9. Increasing prevalence of nontuberculous mycobacteria in respiratory specimens from US-affiliated Pacific island jurisdictionsExternal
        Lin C, Russell C, Soll B, Chow D, Bamrah S, Brostrom R, Kim W, Scott J, Bankowski MJ.
        Emerg Infect Dis. 2018 Mar;24(3):485-491.

        Nontuberculous mycobacteria (NTM) respiratory infections represent a growing public health problem in many countries. However, there are limited published epidemiologic studies for the Western Pacific region. We reviewed respiratory specimens submitted to Diagnostic Laboratory Services in Hawaii, USA, for culture of Mycobacterium tuberculosis during August 2007-December 2011 to determine the NTM isolation rate. We observed a statistically significant increase in the rate of specimens with NTM isolated in respiratory culture (adjusted rate ratio per year 1.65, 95% CI 1.54-1.77; p<0.01). In contrast, the number of patients with respiratory cultures positive for M. tuberculosis showed no increase (adjusted rate ratio per year 0.98, 95% CI 0.94-1.01; p = 0.19). A 6-month subset of NTM isolates was identified by using a nucleic acid probe or 16S rRNA sequencing. M. avium complex and M. fortuitum were the most common NTM identified.

      10. Varicella outbreak surveillance in schools in sentinel jurisdictions, 2012-2015External
        Lopez AS, LaClair B, Buttery V, Zhang Y, Rosen J, Taggert E, Robinson S, Davis M, Waters C, Thomas CA, Rodriguez C, Thomas E, Tuttle J, Brantley T, Perella D, Del Rosario M, Marin M.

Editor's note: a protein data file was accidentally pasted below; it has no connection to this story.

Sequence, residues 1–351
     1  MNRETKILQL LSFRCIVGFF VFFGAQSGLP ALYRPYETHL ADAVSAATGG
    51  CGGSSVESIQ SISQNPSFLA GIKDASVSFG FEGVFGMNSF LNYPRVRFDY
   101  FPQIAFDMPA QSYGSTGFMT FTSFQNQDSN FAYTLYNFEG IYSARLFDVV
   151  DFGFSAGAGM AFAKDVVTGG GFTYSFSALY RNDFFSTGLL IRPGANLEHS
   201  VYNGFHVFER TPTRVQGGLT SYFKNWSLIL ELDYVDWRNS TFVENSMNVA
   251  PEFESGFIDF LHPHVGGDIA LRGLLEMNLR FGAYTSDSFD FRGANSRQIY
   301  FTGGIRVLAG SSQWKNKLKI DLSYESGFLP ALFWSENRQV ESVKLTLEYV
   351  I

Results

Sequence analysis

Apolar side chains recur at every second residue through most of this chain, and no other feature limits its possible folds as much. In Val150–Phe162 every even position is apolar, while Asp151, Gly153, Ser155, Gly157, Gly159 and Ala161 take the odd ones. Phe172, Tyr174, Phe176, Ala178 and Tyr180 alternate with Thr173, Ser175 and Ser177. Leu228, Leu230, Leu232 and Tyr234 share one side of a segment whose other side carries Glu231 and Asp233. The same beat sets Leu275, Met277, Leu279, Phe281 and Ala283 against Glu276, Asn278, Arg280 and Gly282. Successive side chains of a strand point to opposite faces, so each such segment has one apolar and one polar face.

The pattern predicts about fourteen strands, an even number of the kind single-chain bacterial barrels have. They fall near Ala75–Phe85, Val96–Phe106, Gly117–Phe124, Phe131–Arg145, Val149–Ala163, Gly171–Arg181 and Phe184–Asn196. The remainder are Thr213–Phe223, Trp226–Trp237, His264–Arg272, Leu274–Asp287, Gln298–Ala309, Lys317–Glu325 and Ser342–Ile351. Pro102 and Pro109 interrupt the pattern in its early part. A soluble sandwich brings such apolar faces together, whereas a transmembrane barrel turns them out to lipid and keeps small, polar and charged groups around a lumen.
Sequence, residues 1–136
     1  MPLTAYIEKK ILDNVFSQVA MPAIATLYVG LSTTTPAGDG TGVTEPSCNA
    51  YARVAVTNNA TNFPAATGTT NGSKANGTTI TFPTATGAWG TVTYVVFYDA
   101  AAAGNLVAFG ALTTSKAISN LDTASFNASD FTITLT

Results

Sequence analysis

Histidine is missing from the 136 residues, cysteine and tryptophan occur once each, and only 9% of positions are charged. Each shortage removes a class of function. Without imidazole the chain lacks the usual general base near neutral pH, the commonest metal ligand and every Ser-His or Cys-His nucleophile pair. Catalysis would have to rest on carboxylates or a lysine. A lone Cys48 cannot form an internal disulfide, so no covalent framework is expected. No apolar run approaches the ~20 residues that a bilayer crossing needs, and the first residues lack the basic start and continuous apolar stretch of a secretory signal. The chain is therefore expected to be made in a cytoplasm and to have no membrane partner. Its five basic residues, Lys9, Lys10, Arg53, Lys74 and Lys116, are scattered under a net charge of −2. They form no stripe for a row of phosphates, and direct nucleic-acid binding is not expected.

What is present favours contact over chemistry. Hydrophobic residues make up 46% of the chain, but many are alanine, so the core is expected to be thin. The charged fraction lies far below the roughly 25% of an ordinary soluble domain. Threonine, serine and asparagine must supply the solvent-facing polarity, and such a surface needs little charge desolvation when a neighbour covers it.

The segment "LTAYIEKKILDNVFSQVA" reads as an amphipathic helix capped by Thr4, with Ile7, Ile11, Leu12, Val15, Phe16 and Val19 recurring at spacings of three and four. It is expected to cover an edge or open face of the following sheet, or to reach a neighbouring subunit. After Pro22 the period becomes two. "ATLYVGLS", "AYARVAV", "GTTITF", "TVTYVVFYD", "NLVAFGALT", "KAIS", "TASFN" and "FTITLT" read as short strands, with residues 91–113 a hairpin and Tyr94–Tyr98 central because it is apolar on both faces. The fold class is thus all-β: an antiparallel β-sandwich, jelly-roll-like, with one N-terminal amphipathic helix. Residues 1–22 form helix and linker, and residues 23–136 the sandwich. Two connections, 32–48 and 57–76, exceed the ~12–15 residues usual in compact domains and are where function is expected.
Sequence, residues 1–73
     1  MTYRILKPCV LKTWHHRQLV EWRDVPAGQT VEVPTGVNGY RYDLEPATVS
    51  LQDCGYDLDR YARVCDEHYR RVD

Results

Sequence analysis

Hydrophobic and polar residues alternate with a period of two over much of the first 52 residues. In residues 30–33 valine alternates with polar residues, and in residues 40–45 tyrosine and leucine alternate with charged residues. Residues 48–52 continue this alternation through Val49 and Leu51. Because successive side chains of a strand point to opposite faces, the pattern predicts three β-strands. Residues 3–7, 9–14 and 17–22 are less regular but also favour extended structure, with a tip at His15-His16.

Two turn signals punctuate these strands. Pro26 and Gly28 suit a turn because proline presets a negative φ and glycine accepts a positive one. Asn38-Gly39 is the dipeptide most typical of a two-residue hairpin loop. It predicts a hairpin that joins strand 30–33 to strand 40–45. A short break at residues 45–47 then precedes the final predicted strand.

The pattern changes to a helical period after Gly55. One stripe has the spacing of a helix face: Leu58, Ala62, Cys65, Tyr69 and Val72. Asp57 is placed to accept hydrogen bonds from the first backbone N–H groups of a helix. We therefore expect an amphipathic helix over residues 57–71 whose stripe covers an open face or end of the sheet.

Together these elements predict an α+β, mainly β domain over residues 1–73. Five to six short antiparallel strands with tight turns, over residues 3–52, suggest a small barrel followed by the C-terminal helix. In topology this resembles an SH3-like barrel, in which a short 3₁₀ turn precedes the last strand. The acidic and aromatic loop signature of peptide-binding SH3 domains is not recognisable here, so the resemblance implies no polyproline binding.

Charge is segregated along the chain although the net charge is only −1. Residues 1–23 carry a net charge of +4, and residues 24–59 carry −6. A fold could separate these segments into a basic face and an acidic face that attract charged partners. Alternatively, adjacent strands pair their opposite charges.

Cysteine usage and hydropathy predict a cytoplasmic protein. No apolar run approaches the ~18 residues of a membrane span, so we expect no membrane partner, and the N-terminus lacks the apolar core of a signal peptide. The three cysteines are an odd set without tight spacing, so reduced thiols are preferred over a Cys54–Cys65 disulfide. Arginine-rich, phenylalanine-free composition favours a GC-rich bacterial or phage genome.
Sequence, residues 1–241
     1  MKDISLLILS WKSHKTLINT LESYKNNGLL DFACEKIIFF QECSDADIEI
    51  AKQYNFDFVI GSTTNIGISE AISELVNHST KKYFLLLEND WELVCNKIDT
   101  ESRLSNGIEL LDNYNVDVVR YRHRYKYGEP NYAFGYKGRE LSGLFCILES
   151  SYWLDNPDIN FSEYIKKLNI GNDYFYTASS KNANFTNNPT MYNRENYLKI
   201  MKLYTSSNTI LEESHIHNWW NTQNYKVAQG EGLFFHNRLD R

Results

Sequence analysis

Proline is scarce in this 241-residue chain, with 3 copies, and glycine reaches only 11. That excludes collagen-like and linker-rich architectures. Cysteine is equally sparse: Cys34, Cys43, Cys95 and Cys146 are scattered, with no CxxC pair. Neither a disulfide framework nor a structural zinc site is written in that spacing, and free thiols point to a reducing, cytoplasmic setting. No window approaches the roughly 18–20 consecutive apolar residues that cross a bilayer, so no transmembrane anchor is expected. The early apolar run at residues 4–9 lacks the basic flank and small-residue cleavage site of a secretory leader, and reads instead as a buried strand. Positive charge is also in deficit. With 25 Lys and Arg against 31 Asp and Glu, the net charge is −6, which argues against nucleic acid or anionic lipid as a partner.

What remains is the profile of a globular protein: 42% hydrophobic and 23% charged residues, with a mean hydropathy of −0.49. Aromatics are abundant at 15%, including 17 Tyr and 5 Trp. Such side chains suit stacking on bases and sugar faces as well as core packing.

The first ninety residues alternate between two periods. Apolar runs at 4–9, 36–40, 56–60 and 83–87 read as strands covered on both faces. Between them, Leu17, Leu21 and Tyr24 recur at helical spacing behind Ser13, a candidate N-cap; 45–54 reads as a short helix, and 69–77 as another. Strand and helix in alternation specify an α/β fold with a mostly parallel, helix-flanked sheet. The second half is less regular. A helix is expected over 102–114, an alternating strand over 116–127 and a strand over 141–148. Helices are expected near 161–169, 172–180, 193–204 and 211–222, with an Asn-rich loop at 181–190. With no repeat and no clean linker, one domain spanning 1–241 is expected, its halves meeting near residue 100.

J Pediatric Infect Dis Soc. 2018 Mar 7.

        Background: In 2007, a routine second dose of varicella vaccine was recommended in the United States for children aged 4 to 6 years to better control varicella-zoster virus circulation and outbreaks. Sentinel varicella outbreak surveillance was established to assess feasibility of surveillance and describe outbreaks that are occurring. Methods: Through the Centers for Disease Control and Prevention Epidemiology Laboratory Capacity funding, health departments conducted active surveillance for varicella outbreaks in schools from 2012 to 2015. Outbreaks of varicella were defined as >/=5 cases in a school within at least 1 incubation period (21 days). School nurses, healthcare providers, or laboratories reported cases and outbreaks of varicella to health departments; demographic, vaccination, and clinical data were collected. Results: Georgia, Houston, Maine, Minnesota, New York City, and Philadelphia participated in all 3 years; Puerto Rico and West Virginia participated in 2012 to 2013; and Kansas and Arkansas participated in 2014 to 2015. Twenty-nine outbreaks including 262 cases were reported. The median size of the outbreaks was 7 cases (range, 5-31 cases), and the median duration was 31 days (range, 4-100 days). Of the case-patients associated with larger outbreaks (>/=8 cases), 55.4% were unvaccinated, and 15.7% and 18.1% had received 1 or 2 doses of vaccine, respectively. In small outbreaks (5-7 cases), 33.3% of case-patients were unvaccinated, and 16.7% and 38.5% had received 1 or 2 doses of vaccine, respectively. Conclusions: The majority of cases associated with outbreaks occurred in undervaccinated children (unvaccinated and 1-dose vaccine recipients). Outbreaks with a greater proportion of 2-dose vaccine recipients were smaller. Varicella outbreak surveillance is feasible, and continued monitoring of outbreaks remains important for describing the epidemiology of varicella during the 2-dose varicella vaccination program.